Symptoms Of Hearing Loss

Hearing loss, or hypoacusis, defines the total or partial inability to hear through one or both ears. The initial symptoms of hearing loss develop more frequently in persons aged between 40 and 65. Although slight loss of hearing is common after the age of 20, obvious symptoms emerge gradually and seldom lead to complete deafness.

Here we are going to share with you some important Symptoms Of Hearing Loss.

Transmissive hypoacusis:

Characterised by damage to the outer ear or middle ear. Transmissive hypoacusis occurs when the sound stimulus cannot reach the auditory cells due to purely mechanical reasons. All tones will sound lower and dampened to patients affected by this type of hearing loss, regardless of frequency.

They feel as if they have plugged ears and speak with a low voice, as the latter appears very loud to them (autophony). Conductive hearing losses may appear at any age and account for about 35% of all hearing losses.

Neurosensory hypoacusis:

A type of hearing loss caused by deterioration of the inner ear (cochlea or auditory nerve, or both) that becomes incapable of transforming sound vibrations into correct nerve impulses. The resulting effect is a distorted perception of sound. Low tones cannot be heard, while high tones are heard particularly loudly. The loss of hearing quality ranges from mild to very severe. The qualitative nature of the hearing loss hampers understanding of words in unfavourable hearing circumstances, for example in noisy environments. Neurosensory hypoacusis accounts for about 65% of the cases of hearing loss, affects both sexes and all age groups. The use of hearing aids constitutes the optimal therapy for treating this type of hypoacusis.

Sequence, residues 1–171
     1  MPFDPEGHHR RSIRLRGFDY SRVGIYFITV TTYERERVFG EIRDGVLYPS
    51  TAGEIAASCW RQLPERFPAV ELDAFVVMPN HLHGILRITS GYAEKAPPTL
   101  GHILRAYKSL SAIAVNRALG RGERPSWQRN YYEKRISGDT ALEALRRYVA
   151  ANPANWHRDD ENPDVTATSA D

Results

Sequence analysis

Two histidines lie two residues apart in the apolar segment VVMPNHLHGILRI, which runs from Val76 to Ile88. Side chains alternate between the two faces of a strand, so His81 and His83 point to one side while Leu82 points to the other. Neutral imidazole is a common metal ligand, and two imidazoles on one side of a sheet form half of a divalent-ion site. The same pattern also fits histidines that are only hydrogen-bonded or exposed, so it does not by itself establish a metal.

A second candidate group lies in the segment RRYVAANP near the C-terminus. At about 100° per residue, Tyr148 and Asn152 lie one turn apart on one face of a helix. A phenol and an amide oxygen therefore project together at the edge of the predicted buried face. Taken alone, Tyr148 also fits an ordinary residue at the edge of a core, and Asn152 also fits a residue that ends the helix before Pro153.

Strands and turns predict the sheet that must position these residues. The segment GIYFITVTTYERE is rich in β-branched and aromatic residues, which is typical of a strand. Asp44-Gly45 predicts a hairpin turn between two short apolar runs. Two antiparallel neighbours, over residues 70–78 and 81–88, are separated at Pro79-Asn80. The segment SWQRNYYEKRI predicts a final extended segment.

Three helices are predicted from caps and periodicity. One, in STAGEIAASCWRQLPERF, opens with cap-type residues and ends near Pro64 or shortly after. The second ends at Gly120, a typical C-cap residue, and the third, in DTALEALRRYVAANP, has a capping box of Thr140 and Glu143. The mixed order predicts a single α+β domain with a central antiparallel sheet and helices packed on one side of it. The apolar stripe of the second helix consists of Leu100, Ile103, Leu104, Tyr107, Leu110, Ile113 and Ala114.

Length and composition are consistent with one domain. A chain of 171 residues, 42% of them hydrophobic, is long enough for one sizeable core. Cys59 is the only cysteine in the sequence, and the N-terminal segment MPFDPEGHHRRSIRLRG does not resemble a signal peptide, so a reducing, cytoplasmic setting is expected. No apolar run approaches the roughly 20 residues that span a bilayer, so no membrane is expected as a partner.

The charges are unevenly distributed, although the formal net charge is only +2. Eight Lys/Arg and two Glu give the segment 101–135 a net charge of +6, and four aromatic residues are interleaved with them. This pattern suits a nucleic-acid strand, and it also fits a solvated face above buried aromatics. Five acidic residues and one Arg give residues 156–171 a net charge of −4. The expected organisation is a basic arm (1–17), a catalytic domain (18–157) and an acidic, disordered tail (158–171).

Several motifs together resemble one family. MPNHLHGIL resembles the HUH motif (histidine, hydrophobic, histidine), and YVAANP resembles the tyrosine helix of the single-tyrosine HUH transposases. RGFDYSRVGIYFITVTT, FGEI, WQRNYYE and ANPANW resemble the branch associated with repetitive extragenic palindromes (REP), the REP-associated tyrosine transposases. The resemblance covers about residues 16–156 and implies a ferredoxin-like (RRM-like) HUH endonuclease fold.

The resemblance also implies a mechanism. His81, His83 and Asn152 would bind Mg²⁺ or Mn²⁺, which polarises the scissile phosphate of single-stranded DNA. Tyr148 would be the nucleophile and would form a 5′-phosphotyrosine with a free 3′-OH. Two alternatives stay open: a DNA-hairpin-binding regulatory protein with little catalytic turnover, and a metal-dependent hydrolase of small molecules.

Mixed hypoacusis:

Whenever neurosensory hypoacusis combines with transmissive hypoacusis, the resulting disorder is defined as mixed hypoacusis.

Central hypoacusis:

The core of the auditory system is located in the brain. It may occur that sound signals that are correctly encoded and transmitted are not correctly processed by the brain. This disorder is referred to as central deafness. In this case, the audiologist's role is limited and proper diagnosis must include neurological and psychological examinations.

This form of hypoacusis occurs in a limited number of cases. In most cases, hearing loss occurs gradually making it often difficult to identify the symptoms.